Don’t Quit Your Day Job: Writing and the Art of Paying The Rent.


You might have noticed that I’ve been rather quiet in the last month. It was partly because August is Birthday Month, I have to admit, but it was also the month that I started a new job. 

As the still above from Office Space (1999 dir. Mike Judge) would suggest, I am still in the office environment, and have a mild obsession over who keeps moving my stapler. 

It’s made me think a lot about how your day job can effect your creativity. In my last role, I had some free time each day that I could devote to writing, which is my creative outlet, and I could write posts such as these as work as well, because my boss had nothing else for me to do. It’s nice to be able to say that your boss is paying you to write, isn’t it? But the results of that are low pay, and I think in most places most people who are at work are expected to be working. 

When I was offered something with more pay, I leaped at it. If you you are aware of how high the rents are in London, you’ll understand why. But it makes me think, how do you balance the act of writing (or any other creative work), and paying the bills? This isn’t a new concept for me, of course. I worked through my film degree, and when I came over here to film school, I was working full time as well as taking a full load of classes at film school. It’s something tht I can feel proud of, for sure. I’m not afraid of a little hard work, but it does take it’s toll. And you have to make sure that that toll is not on your creative life.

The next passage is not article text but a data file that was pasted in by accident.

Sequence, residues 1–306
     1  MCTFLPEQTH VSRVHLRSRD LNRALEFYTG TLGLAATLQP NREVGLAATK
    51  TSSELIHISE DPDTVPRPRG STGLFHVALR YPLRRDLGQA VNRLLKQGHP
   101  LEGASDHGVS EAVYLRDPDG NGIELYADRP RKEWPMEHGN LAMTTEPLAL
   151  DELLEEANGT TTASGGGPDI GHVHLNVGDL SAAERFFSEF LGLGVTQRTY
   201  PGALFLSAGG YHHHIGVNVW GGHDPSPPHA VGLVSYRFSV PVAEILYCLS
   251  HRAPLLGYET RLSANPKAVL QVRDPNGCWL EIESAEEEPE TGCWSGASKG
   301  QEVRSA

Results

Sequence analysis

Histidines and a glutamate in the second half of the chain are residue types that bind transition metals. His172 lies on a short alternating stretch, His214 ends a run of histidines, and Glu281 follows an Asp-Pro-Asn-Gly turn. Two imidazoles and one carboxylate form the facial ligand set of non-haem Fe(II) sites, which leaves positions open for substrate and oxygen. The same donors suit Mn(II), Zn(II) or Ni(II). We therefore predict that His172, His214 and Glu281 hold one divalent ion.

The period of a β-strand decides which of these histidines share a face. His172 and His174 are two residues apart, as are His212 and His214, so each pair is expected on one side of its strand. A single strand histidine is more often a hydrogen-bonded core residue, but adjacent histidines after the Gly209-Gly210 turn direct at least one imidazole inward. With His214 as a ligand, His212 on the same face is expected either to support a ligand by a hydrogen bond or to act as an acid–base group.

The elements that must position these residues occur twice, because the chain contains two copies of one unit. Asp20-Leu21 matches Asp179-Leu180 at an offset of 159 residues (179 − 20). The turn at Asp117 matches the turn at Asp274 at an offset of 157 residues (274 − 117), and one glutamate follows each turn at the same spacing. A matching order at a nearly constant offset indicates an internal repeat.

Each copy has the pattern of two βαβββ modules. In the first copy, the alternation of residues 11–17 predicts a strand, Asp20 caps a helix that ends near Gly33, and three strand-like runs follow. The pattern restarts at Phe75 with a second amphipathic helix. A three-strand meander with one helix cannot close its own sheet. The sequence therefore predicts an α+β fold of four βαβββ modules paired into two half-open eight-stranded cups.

Being at work and having loads to do has meant no time for writing blog posts.

However, the upside of your day job is the random things that happen there. In a past job, two little old ladies wound up in a punch up when one of them finally snapped at the other on her last day with the company. And in this job, there are some hilarious moments too, including a very surreal conversation about breast pumps at an office baby shower, which had me crying with laughter. My point is, sometimes fact is stranger than fiction, and your day job can give you little stories, characters or inspiration for your work.  


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